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SAT0609 Synovitis in Patients with Inflammatory Arthropathies: Comparison Between Rheumatoid Arthritis and Psoriatic Arthritis Evaluated by Power-Doppler Ultrasound
  1. F. Ceccarelli,
  2. E. Ricci,
  3. I.M. Rutigliano,
  4. A. Finucci,
  5. C. Scirocco,
  6. A. Gattamelata,
  7. C. Perricone,
  8. G. Valesini,
  9. A. Iagnocco
  1. Reumatologia, Dipartimento di Medicina Interna e Specialità Mediche, Sapienza Università di Roma, Rome, Italy


Background Power Doppler (PD) ultrasonography (US) is playing an increasing role in the evaluation of patients with inflammatory arthropathies, due to its ability in detecting inflammatory and structural abnormalities and the higher sensitivity compared with clinical evaluation. Several studies evaluated the role of US in diagnosis and follow-up of Rheumatoid Arthritis (RA) patients. A growing number of papers investigated the potential of US in the assessment of psoriatic arthritis (PsA). Indirect data suggested similar US findings in RA and PsA patients. However, to our knowledge, no study specifically designed to compare PDUS findings in RA and PsA patients has been performed.

Objectives We assessed the ultrasonographic changes in terms of prevalence and severity of synovitis in clinically active RA and PsA patients.

Methods In this cross-sectional study, we enrolled patients affected by RA and PsA with active peripheral joint involvement. The patients underwent clinical, laboratory and US evaluation. Disease activity was evaluated by the 28-joint DAS. We excluded all the patients in remission (i.e. DAS28<2.6). Bilateral high-resolution US at level of II metacarpophalangeal (MCP), wrist and knee was performed. Those joints were selected on the basis of an already published reduced-joint-count method (1). US-detected lesions [joint effusion (JE), synovial hypertrophy (SH) and PD] were evaluated with a dichotomous score (absence or presence) and then graded according to a semi-quantitative scale ranging from 0 to 3. US inflammatory scores, calculated by adding the values given to each elementary lesion, were elaborated for each joint. Finally, a total score was obtained by adding the scores from each joint.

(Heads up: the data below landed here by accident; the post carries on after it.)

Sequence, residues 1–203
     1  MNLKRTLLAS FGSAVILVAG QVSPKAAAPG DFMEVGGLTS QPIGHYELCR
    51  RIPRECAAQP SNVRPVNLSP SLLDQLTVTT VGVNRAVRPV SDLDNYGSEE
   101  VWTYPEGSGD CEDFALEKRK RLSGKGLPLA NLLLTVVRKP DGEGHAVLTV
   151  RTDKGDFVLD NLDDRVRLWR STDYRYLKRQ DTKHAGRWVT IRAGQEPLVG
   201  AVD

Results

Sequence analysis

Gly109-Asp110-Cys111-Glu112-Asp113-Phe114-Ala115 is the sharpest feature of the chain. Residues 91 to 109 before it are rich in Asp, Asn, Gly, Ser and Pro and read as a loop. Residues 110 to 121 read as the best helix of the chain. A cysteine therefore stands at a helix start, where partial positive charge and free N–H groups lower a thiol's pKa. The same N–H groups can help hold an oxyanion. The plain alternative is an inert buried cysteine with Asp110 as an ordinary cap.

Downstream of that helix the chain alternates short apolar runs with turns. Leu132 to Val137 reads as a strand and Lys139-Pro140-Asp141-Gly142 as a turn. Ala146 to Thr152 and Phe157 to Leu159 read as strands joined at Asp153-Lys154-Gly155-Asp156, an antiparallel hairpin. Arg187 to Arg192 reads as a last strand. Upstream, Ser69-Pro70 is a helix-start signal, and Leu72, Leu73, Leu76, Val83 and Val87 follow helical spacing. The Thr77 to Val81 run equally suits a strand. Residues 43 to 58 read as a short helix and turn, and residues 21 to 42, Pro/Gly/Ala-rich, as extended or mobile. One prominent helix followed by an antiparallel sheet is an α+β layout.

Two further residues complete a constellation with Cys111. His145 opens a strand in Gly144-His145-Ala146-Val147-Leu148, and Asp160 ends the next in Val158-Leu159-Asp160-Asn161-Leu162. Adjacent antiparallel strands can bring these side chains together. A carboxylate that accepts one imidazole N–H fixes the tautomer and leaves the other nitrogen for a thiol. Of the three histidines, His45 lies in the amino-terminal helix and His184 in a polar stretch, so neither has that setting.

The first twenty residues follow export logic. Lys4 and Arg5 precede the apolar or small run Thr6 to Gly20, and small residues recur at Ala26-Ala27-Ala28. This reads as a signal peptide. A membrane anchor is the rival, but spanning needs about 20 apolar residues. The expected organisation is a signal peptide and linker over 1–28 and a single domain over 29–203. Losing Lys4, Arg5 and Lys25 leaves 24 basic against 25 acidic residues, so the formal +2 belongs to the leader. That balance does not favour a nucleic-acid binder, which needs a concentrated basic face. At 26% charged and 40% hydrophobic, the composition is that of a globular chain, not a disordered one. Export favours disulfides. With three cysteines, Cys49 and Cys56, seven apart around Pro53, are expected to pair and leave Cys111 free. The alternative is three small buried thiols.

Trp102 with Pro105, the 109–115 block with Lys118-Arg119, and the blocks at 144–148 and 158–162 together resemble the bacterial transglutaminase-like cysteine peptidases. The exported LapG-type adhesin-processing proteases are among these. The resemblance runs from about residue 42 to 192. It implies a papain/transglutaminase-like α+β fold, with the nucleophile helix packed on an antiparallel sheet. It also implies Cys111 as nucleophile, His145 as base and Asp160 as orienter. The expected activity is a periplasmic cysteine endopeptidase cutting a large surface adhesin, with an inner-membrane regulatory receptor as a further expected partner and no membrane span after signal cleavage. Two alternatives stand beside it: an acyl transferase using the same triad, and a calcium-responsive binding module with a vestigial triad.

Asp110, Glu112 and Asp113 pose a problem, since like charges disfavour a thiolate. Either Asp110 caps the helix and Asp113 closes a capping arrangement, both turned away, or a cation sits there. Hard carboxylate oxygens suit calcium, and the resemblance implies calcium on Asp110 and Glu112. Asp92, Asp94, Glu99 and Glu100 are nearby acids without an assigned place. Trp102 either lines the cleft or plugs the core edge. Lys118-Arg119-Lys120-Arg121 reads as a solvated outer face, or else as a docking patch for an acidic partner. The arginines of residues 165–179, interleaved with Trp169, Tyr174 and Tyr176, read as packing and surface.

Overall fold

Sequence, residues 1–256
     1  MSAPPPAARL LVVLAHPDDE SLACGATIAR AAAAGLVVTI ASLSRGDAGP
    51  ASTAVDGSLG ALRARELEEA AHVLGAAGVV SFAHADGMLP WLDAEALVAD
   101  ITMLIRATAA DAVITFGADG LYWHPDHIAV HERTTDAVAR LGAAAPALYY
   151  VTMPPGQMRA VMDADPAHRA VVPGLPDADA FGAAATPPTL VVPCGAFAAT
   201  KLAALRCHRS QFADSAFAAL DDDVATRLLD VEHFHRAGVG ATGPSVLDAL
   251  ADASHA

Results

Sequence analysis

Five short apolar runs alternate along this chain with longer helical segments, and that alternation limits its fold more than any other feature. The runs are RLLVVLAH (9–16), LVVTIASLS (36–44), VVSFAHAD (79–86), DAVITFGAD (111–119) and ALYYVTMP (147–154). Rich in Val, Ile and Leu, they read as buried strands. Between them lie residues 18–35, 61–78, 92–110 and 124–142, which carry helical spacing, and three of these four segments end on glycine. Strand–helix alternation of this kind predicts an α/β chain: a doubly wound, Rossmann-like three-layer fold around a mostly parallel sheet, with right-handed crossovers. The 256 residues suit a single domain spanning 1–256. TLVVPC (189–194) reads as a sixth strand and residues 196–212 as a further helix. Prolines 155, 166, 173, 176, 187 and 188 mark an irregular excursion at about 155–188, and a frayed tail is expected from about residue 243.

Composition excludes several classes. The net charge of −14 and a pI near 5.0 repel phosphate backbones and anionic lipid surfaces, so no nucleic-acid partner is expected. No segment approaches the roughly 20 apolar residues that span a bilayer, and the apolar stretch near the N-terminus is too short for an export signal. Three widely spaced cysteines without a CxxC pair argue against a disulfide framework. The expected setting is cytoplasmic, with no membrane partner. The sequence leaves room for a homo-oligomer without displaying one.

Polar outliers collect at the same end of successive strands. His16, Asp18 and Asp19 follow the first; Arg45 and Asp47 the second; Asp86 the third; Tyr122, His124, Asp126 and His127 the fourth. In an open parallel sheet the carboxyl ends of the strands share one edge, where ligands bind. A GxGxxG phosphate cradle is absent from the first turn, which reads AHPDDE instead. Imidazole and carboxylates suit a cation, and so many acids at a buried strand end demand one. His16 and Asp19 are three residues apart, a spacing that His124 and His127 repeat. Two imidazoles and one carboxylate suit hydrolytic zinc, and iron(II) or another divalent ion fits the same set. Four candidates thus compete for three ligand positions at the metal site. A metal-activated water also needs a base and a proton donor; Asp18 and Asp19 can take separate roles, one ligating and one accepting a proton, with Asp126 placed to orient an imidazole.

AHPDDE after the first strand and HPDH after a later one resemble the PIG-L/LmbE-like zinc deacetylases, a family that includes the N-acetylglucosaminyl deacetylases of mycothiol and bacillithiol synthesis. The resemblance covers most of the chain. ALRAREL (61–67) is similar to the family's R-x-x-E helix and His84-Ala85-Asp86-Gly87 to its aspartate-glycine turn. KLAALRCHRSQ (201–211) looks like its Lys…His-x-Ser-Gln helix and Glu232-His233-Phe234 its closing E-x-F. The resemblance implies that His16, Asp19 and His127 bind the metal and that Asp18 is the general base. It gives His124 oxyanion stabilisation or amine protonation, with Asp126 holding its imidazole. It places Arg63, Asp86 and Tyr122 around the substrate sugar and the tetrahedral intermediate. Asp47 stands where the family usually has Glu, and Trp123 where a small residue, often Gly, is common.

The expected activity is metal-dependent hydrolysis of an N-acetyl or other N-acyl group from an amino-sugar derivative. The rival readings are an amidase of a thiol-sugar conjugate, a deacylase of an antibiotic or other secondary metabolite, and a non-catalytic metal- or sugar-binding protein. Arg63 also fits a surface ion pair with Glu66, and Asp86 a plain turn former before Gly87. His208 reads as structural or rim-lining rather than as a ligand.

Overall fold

Results We enrolled 43 PsA (M/F 20/23; mean age 54.8±15.2 years; mean disease duration 112.6±70.8 months) and 70 RA patients (M/F 11/59; mean age 56.4±14.8 years; mean disease duration 158.7±40.4 months). DAS28 values resulted significantly higher in RA compared with PsA (5.3±1.1 versus 4.3±1.1, P=0.0001). US evaluation demonstrated a significantly higher prevalence of all US-detected lesion in RA patients compared with PsA (JE 60.9% versus 41.1%, P<0.0001; SH 54.8% versus 31.3%, P<0.0001; PD 28.8% versus 11.6%, P<0.0001). The US score in all joints as well as the total US score were significantly higher in RA than in PsA patients (Table 1). When analysing results according with disease activity defined by DAS28, RA patients showed a significantly higher global score compared with PsA in subjects with low (13.3±14.7 versus 1.5±2.1, P=0.03) and moderate disease activity (12.6±9.2 versus 7.4±6.7, P=0.01).

Table 1.

US score in RA and PsA patients (mean ± SD)

Conclusions The present study demonstrate that PDUS synovitis is more severe in RA than in PsA patients, regardless of the disease activity. Concerning the prevalence of each US-detected abnormality, JE, SH and PD signal resulted significantly more frequent in RA patients than PsA.


  1. Perricone C et al. The 6-joint ultrasonographic assessment: a valid, sensitive-to-change and feasible method for evaluating joint inflammation in RA. Rheumatology (Oxford) 2012;51:866-73.

Disclosure of Interest None declared

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